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Wyden and Ryan
Democrats are questioning the Ryan-Wyden plan to end Medicare as we know it
(Ron Wyden: Yuri Gripas/Reuters, Paul Ryan: Kevin Lamarque/Reuters)
 
Rep. Pete Stark (D-CA):
“Despite Wyden’s claims otherwise, the Wyden-Ryan plan ends Medicare as we know it, plain and simple. If these two get their way, senior citizens’ health coverage will depend on what big insurance offers and what seniors — most of them on modest, fixed incomes — can afford. That combination will jeopardize health and economic security for seniors.”

Rep. Jim McDermott (D-WA) adds: "I don’t know why Ron Wyden is giving cover" to Ryan. And a Democratic aide sums it up pretty well:

“For starters, this is bad policy and a complete political loser,” this aide said. “On top of the terrible politics, they even admit that it dismantles Medicare but achieves no budgetary savings while doing so — the worst of all worlds. Thanks for nothing.”

The lamest thing about the whole plan is that there's no reason to think that turning Medicare into a voucher program—even if it's a voucher program with a public option—will save money over the current system. In fact, Ryan and Wyden rely on a trigger to reduce costs, just like the debt ceiling deal.

Ryan and Wyden both contend that, when it’s finally drafted, their legislation will score as a cost saver, because it includes an enforcement mechanism: if Congress can’t find health care savings on its own, the plan automatically caps spending on the program and allows it to grow at a rate lower than medical inflation.

Triggers didn't work with the debt ceiling and they won't work with Medicare.

Also, note that while the Ryan-Wyden plan is similar to what Obamacare would have been like with a public option, the difference is Medicare already is an efficient single-payer system that provides universal coverage, while the individual insurance market is not only inefficient, it fails to cover tens of millions of Americans. So even though the plans look similar, it's important to compare them to what currently exists.

Originally posted to The Jed Report on Thu Dec 15, 2011 at 09:29 AM PST.

Also republished by Daily Kos.

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Comment Preferences

  •  what's going on here? (11+ / 0-)

    Why is Wyden doing this?

    •  Ryan found a useful idiot? (18+ / 0-)

      I don't trust Mr. Ryan at all. He makes Newt look honest.

      The GOP is the party of mammon. They mock what Jesus taught.

      by freelunch on Thu Dec 15, 2011 at 09:34:01 AM PST

      [ Parent ]

      •  Well I wouldn't call Wyden and idiot but (4+ / 0-)
        Recommended by:
        Mr MadAsHell, franklyn, Lucy2009, fabucat

        I really don't understand him going along with this idea as I currently understand it.  Some of his original ideas for the ACA which may have actually made private insurance more competitive, were rejected by the Senate.  This was the amendment which would allow anyone to take the money their employer is paying toward their health insurance benefits and purchase insurance on the private market, regardless the size of the employer.  That amendment was defeated in committee even by some supposed "liberal" democrats who got phone calls from large corporations who did not want their employees to be allowed to do this.  Maybe he's thinking he can do something like this with Medicare to make Part C more cost effective but I'm just not really sure.  As I said before, IMHO as long as corporate profit is involved in this market, it will not work to help consumers.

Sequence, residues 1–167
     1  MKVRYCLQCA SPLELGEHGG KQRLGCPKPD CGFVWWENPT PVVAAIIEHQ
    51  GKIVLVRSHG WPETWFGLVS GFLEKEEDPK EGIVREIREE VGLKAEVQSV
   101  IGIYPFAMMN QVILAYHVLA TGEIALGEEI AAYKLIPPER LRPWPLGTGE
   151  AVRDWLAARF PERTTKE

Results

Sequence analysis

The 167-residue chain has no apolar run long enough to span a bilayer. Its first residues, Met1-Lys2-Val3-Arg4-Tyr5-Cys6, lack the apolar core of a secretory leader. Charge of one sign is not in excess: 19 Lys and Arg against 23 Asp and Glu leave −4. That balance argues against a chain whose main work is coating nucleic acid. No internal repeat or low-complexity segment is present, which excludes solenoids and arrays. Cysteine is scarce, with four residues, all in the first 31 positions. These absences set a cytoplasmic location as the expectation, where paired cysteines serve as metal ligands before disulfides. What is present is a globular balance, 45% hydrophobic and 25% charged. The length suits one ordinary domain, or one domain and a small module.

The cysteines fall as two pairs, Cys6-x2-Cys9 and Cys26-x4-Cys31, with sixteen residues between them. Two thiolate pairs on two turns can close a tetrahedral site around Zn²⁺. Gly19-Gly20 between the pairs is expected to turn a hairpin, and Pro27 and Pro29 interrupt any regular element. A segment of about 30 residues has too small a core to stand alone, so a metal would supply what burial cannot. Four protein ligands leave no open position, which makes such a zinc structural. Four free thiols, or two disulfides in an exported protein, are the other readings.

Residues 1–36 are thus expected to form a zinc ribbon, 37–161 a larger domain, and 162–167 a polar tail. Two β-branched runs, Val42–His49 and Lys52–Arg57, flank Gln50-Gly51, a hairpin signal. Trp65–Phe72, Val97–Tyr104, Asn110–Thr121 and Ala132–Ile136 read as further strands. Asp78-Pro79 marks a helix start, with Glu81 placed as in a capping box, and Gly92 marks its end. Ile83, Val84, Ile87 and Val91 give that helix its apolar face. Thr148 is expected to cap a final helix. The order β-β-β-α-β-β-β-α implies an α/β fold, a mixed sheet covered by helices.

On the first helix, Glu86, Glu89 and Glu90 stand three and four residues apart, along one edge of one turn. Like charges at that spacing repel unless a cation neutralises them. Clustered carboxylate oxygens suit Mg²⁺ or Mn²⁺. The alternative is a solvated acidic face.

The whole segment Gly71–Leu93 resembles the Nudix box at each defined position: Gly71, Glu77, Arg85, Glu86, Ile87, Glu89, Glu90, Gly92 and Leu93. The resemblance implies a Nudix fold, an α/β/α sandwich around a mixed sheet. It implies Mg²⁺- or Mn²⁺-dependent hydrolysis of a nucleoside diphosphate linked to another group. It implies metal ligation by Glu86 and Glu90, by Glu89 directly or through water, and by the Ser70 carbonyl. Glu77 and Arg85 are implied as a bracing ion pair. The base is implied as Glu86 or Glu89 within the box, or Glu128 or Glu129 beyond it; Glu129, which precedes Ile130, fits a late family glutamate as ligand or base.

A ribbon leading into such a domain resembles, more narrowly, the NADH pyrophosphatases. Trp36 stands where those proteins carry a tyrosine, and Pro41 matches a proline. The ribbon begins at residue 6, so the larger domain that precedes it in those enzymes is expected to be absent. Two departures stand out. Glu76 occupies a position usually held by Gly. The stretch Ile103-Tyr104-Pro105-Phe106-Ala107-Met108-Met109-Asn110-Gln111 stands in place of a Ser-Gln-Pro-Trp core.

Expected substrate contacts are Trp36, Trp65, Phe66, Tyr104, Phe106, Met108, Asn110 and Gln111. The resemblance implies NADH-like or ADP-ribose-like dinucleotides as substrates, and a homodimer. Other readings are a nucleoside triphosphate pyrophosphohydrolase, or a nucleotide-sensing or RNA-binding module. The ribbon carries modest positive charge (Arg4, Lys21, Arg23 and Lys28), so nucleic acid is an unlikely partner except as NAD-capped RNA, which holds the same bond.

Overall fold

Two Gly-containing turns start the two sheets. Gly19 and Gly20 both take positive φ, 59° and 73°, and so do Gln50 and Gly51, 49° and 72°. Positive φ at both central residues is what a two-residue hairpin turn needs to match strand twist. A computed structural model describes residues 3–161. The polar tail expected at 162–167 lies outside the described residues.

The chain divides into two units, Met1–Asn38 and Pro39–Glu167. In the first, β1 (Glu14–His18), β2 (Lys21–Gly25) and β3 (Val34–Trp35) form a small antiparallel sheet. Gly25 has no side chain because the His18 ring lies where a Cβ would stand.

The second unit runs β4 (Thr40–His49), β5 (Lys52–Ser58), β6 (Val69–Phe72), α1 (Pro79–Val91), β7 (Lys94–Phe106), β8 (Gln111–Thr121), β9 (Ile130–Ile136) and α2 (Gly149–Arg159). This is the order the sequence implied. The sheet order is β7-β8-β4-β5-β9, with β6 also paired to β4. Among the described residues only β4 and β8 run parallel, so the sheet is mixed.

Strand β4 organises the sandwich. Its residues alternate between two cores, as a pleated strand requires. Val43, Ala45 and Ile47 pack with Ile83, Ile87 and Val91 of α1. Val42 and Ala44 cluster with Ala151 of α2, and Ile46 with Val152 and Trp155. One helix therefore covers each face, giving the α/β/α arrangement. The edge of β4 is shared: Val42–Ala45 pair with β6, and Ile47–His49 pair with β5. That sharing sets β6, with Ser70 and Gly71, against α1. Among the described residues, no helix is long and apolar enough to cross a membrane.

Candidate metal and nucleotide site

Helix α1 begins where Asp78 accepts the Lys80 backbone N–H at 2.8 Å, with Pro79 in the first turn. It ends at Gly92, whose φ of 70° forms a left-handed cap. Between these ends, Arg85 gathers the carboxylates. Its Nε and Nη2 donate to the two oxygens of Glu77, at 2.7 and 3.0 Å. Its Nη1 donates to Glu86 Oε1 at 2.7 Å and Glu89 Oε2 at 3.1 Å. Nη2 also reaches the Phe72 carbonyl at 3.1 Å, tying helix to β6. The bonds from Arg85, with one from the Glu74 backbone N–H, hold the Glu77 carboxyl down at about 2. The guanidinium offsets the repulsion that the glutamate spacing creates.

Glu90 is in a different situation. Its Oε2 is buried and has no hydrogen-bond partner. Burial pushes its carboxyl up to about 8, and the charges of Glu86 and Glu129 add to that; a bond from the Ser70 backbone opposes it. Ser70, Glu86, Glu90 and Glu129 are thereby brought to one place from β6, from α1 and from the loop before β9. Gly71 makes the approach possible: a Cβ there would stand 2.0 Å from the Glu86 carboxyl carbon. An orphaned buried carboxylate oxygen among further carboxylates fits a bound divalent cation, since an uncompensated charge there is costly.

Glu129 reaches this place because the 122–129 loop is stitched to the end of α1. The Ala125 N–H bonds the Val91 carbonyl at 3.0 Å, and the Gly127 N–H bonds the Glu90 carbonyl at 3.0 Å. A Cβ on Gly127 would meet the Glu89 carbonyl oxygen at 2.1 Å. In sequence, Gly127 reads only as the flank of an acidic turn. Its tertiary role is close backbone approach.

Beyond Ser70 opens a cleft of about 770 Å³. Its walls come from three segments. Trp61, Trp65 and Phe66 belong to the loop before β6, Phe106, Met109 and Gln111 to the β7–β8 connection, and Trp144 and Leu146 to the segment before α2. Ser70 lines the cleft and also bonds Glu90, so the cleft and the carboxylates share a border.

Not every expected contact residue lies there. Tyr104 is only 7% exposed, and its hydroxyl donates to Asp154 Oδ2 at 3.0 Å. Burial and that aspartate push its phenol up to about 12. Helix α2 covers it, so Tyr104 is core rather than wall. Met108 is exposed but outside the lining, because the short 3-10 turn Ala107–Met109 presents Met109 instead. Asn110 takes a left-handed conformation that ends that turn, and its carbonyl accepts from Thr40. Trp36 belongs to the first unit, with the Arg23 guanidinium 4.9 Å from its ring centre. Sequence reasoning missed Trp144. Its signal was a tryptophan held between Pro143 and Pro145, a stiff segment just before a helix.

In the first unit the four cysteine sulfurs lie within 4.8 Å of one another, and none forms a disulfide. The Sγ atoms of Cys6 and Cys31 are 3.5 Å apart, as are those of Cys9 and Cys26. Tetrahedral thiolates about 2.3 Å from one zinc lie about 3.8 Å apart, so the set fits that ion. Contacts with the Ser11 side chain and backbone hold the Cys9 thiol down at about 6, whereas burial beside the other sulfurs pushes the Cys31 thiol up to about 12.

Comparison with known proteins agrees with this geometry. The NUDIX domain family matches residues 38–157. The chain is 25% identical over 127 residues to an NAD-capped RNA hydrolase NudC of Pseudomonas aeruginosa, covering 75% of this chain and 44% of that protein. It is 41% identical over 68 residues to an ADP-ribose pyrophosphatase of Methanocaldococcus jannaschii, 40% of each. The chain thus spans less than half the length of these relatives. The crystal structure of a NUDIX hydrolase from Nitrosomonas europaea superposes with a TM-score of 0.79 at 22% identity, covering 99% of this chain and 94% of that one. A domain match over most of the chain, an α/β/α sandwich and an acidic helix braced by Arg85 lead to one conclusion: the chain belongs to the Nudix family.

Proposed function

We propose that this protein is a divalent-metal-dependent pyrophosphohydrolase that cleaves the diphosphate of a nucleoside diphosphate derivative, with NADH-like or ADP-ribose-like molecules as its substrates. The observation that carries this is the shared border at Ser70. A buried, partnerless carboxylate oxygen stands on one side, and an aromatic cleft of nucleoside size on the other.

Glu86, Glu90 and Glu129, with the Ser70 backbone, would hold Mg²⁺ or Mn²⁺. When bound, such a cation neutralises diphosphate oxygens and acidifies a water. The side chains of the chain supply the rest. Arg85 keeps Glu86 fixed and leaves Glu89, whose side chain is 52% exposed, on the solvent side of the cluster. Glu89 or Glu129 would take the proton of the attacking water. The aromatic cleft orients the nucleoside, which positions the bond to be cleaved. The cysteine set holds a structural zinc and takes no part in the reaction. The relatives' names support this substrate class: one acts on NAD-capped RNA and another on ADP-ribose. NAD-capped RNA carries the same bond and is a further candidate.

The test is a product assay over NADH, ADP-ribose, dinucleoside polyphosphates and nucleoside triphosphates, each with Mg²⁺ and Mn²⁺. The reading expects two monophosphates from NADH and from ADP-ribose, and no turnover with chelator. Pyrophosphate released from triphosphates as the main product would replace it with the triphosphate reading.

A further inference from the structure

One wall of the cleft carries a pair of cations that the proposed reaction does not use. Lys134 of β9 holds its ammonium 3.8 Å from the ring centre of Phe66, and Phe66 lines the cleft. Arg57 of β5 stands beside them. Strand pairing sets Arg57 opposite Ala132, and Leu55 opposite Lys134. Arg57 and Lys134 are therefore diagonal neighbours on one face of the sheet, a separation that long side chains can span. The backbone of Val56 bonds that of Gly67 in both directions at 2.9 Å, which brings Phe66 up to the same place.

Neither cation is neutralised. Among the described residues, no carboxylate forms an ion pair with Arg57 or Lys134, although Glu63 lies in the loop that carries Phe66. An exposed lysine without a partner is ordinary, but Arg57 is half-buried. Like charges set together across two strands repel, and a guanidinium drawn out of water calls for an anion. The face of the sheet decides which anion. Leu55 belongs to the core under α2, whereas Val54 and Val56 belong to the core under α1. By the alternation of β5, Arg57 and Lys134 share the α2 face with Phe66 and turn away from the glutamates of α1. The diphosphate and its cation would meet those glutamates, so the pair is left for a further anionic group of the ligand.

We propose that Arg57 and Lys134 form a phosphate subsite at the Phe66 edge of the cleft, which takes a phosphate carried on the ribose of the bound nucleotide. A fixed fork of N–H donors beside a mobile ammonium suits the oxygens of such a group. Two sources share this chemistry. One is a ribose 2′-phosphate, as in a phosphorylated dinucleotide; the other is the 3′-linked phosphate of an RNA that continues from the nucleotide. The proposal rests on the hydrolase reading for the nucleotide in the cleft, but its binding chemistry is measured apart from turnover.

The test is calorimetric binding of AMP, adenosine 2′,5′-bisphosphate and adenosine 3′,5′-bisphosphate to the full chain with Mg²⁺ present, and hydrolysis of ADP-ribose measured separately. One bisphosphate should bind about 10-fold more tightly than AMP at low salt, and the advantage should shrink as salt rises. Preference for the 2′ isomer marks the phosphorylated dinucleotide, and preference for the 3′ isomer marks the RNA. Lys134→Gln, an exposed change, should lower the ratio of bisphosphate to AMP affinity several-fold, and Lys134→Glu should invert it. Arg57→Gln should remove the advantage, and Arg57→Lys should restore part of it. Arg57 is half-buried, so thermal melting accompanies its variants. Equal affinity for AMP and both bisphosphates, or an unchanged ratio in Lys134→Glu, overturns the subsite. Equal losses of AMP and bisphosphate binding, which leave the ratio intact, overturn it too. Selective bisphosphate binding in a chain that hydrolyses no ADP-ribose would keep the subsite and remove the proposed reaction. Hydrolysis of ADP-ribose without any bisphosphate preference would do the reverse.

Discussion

Mr. Boehner, where are the jobs?

        by Tx LIberal on Thu Dec 15, 2011 at 10:40:06 AM PST

        [ Parent ]

        •  Actually, the amendment you describe (1+ / 0-)
          Recommended by:
          Albanius

          sounds pretty stupid....the private market is always more expensive than an employer plan, unless you get one of those "swiss cheese" policies that doesn't cover necessary care. It makes perfect sense for liberals to oppose such an amendment, which would not save money because health insurance is an area where market competition does not drive prices down...it's not like buying a car.

          Medicare does need reform to  get costs under control, but the reform he's proposed is the opposite of what's needed.

          "All governments lie, but disaster lies in wait for countries whose officials smoke the same hashish they give out." --I.F. Stone

          by Alice in Florida on Thu Dec 15, 2011 at 05:04:41 PM PST

          [ Parent ]

          •  Their "market competition" is on Wall Street. (0+ / 0-)

            It has nothing to do with the consumer.

          •  Not for very small companies (0+ / 0-)

            Depends to the "group" you belong to but there is not that much difference for small employers who are placed into pools or groups of small employers (at least in TX).  They base your rates on the average age of employees so the younger employees end up paying higher rates than they would in the individual market.  Sometimes the plans offered are not as good as what you could get on the individual market.  That was the real point.  As long as profit is involved in health insurance, consumers are going to get the shaft!